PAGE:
Not All Achilles Tendons Are Treated the Same
Foot & ankle surgeons state Achilles tendon rupture treatments vary by patient
It’s Saturday morning—time for your ‘‘weekend warrior’’ basketball game with the guys. Your team is still undefeated, and it feels great to be in the game—until it doesn’t. After you go up for a slam dunk to end the period, you land on your foot and a loud ‘‘pop’’ reverberates through your entire body. You try to make your way off the court, but lifting your foot to walk is next to impossible. Something is definitely wrong; it feels like a broken foot…but it isn’t. You’ve ruptured your Achilles tendon.
The Achilles tendon is a band of tissue that runs down the back of the lower leg and connects the calf muscle to the heel bone to help facilitate walking by helping to raise the heel off the ground. When an Achilles tendon is ruptured, a complete or partial tear of the tendon occurs leaving the heel bone separated (or partially separated) from the knee.
According to Amol Saxena, DPM, FACFAS, a California foot and ankle surgeon and Fellow member of the American College of Foot and Ankle Surgeons, “This separation can cause moderate to severe pain in the heel, muscle weakness and difficulty pushing off the foot,” adds Dr. Saxena.
Foot and ankle surgeons are gathering this week at the 75th Annual Scientific Conference of the American College of Foot and Ankle Surgeons (ACFAS) in Las Vegas to examine advances in surgically treating Achilles tendon ruptures.
Achilles tendon ruptures tend to occur more often during “high impact” sports, such as basketball, where the participant needs to “explode” off their foot very quickly. And according to foot and ankle surgeons, these type of tendon ruptures are more commonly seen in men than women.
“Science has attributed this gender differential to increased flexibility or elasticity of the tendons in females in comparison to males,” says Dr. Saxena. “At baseline, however, the most reliable predictor of a rupture is prior history of tendonitis, or inflammation of the Achilles tendon, caused by prior injury or injuries.”
Chronic inflammation of the Achilles tendon can also result in tendonosis, which is the actual degeneration of the tendon in which microscopic tears weaken the tendon causing more concern for rupture.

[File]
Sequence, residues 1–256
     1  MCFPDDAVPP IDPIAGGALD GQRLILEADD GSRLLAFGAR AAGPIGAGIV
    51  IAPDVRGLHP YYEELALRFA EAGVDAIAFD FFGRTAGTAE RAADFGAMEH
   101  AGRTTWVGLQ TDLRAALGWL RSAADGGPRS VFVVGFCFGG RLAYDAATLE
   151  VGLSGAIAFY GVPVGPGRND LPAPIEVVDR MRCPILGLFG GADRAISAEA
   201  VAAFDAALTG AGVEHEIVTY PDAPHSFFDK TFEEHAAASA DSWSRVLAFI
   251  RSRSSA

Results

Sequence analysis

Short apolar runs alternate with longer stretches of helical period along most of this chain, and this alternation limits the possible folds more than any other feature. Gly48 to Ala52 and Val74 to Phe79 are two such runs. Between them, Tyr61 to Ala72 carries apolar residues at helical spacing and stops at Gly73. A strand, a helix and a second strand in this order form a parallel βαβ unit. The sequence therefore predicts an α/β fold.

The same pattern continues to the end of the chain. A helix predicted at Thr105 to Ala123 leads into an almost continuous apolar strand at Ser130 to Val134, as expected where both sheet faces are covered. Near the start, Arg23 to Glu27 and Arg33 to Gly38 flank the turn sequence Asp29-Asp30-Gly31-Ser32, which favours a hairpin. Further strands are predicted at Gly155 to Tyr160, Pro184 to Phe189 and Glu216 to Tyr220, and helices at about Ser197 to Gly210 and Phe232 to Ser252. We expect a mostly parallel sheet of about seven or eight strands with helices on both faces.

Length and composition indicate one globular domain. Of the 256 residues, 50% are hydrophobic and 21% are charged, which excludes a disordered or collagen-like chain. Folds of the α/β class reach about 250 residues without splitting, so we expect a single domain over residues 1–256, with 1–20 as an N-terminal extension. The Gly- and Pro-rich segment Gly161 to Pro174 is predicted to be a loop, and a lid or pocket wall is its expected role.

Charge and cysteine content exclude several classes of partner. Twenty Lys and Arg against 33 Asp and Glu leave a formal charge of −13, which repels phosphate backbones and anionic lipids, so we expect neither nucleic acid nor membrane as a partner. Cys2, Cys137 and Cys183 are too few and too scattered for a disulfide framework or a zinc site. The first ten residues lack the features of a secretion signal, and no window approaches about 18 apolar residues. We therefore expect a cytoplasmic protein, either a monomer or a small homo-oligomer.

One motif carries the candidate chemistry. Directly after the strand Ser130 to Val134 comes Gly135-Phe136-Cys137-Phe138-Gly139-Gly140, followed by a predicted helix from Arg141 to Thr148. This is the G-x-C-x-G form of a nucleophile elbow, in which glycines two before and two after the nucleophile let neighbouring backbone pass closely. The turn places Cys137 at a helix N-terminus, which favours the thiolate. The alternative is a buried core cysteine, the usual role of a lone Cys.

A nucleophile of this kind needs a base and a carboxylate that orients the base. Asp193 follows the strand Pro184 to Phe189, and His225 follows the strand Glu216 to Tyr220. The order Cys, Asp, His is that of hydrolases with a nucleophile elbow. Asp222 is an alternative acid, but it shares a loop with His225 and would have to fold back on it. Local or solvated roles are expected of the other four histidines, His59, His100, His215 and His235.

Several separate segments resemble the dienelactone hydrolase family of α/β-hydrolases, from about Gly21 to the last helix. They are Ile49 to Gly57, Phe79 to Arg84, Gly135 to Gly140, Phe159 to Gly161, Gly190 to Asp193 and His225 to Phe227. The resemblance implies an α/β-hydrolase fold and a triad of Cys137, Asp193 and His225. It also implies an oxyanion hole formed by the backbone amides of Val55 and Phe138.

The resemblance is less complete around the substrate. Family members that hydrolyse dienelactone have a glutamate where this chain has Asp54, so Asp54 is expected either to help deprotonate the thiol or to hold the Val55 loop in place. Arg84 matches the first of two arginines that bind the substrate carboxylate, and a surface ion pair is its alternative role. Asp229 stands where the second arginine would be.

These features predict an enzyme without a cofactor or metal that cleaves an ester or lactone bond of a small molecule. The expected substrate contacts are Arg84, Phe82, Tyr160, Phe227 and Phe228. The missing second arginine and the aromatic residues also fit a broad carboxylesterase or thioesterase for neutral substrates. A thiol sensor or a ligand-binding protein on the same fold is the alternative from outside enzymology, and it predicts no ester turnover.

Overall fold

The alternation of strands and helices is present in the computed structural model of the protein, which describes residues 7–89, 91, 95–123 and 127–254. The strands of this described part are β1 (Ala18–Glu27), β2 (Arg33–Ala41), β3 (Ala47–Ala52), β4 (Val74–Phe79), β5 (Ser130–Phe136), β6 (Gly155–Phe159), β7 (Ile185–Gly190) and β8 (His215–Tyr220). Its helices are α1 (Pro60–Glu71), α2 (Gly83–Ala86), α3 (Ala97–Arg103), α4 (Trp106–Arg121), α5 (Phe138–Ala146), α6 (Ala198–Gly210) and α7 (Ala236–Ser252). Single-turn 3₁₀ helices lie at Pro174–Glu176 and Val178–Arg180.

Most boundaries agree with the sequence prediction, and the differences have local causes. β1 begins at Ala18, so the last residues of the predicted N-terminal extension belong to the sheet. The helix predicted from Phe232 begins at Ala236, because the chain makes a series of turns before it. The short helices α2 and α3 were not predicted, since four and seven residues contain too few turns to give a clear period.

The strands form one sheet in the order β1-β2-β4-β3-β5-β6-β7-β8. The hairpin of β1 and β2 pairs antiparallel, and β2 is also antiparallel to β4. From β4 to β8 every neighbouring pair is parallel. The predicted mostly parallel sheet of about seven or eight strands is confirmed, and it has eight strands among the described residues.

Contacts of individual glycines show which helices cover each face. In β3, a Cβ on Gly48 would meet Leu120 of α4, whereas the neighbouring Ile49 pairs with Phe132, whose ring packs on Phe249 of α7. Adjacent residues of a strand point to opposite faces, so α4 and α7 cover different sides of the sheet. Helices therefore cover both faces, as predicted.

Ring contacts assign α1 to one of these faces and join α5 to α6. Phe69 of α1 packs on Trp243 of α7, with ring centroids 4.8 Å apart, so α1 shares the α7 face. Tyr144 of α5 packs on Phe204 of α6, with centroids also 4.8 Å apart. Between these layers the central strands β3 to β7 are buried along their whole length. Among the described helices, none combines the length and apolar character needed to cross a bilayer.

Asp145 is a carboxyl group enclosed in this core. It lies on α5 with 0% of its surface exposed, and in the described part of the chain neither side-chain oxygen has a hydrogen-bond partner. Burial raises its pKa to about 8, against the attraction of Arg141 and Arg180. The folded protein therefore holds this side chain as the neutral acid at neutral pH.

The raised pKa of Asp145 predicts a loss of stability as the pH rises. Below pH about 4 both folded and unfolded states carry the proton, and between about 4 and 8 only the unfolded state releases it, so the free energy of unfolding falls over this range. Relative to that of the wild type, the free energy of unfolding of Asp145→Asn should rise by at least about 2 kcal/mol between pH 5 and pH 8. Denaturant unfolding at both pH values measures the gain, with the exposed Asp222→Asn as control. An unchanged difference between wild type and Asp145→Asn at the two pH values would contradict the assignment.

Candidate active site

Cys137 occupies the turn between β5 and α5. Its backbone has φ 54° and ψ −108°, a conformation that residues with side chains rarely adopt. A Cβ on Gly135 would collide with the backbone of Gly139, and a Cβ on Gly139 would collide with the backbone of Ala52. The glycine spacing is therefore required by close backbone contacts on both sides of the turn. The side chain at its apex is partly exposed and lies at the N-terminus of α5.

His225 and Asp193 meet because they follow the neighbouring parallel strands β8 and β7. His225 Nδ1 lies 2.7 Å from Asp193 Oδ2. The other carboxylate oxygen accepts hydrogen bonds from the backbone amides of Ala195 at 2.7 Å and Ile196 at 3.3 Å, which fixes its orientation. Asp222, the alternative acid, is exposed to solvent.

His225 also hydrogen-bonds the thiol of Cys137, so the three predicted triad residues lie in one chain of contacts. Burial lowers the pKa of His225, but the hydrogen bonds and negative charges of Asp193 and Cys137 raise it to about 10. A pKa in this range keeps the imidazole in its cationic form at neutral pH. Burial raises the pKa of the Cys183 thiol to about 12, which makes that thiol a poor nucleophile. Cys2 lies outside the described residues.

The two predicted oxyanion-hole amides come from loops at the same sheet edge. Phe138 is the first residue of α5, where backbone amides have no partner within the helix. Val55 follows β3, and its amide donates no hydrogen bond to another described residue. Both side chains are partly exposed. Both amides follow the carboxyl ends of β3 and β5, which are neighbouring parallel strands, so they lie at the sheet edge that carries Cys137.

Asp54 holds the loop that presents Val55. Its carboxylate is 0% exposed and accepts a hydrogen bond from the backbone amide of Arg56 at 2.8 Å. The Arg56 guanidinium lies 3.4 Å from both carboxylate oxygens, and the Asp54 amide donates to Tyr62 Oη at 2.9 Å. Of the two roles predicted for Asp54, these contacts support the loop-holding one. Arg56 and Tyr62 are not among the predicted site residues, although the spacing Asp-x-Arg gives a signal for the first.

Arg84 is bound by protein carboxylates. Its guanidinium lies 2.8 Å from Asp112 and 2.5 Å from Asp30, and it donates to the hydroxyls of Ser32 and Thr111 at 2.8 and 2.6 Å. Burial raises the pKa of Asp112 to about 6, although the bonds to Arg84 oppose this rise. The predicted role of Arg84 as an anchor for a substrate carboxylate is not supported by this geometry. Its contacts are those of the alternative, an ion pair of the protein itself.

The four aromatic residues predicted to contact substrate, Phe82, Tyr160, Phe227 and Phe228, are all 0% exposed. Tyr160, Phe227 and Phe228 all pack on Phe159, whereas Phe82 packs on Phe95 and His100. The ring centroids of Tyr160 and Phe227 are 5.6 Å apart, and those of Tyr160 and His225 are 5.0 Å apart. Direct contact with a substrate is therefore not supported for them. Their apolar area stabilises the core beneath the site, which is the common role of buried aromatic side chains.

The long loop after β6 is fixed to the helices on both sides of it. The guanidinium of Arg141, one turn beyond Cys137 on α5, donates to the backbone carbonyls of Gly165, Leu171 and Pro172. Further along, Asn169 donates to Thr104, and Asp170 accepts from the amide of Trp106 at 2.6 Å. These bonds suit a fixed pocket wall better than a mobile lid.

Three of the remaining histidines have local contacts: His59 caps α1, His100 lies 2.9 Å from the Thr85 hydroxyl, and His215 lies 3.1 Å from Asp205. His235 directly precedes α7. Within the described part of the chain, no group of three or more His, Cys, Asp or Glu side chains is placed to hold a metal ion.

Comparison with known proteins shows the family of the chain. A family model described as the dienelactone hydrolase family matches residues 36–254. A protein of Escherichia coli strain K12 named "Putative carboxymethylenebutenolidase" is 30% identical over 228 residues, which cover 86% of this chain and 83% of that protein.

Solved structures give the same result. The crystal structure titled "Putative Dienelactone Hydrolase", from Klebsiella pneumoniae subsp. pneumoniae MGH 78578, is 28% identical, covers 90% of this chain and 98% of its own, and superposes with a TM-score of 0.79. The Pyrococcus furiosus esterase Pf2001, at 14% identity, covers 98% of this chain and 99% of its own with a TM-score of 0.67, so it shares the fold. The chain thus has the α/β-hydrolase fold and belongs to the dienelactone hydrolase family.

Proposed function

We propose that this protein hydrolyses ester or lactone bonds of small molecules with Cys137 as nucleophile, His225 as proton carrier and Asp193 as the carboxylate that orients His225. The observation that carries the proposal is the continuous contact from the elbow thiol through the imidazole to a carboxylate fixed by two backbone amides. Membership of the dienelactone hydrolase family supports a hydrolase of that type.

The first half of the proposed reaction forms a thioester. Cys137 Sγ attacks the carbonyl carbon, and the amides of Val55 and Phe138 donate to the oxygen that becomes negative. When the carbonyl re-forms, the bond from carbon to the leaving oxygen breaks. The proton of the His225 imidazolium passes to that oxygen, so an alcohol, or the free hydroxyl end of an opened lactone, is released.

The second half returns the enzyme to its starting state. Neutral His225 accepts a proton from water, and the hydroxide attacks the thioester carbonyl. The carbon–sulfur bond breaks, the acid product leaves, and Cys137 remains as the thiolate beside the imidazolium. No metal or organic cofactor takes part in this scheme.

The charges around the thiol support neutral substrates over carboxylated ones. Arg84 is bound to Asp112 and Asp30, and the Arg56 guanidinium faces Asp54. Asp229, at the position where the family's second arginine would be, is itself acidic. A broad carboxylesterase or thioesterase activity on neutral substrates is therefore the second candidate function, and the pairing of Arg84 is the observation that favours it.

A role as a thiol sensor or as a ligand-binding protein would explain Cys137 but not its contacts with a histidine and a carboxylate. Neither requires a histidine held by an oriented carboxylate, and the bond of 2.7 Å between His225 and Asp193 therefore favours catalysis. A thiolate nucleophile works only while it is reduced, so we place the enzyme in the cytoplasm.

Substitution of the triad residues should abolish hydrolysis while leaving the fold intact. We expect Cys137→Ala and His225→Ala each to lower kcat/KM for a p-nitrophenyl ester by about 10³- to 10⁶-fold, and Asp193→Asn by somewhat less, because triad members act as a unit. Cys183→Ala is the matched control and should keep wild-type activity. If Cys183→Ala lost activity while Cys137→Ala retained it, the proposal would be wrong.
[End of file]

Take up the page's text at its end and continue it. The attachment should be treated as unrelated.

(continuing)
Unfortunately, relief for Achilles tendon ruptures does not happen overnight. Recovery times vary depending on if a surgical or nonsurgical treatment approach is prescribed. “Treatment processes are dependent upon a patient’s overall health, activity level and ability to follow a functional rehabilitation protocol,” says Jeffrey E. McAlister, DPM, FACFAS, a fellowship-trained Arizona foot and ankle surgeon and Fellow member of ACFAS.
According to Dr. McAlister, typically unhealthy and less-active patients may choose a nonoperative approach since they are not trying to return to active sports. But, the rerupture rate is roughly 10 percent higher with nonoperative treatment. “A nonoperative approach works well in a patient who does not have the expectation of aggressive sports and activities. This usually involves a lengthy functional rehabilitation process,” says Dr. McAlister.
The downside of nonsurgical treatment is that there is a longer recovery time, usually between nine and 12 months. With less activity during this time, there is also a higher incidence of dangerous blood clots, also known as deep vein thrombosis.
“For more athletic and younger patients, the surgical option may be best,” says Michael VanPelt, DPM, FACFAS, a Texas foot and ankle surgeon and Fellow member of ACFAS. “We anticipate these patients have shorter healing times.”
Foot and ankle surgeons suggest recovery times for Achilles rupture can vary, but the number one complication to consider when weighing options is that the Achilles tendon is not an area of the body with great vascularity, or blood flow, so healing a large surgical wound can be tricky.
Jason Kayce, DPM, FACFAS, an Arizona foot and ankle surgeon and Fellow member of ACFAS, also suggests, “Advances in surgical techniques to repair Achilles tendon ruptures include limited incision, or smaller incision, surgical approaches to help patients have smaller scars and less of a chance of wound complications.”
The best way to learn which option is right for you to properly recover from an Achilles tendon rupture is to be seen by a foot and ankle surgeon. To find a foot and ankle surgeon in your area, visit the Find an ACFAS Physician tool in the menu to the right.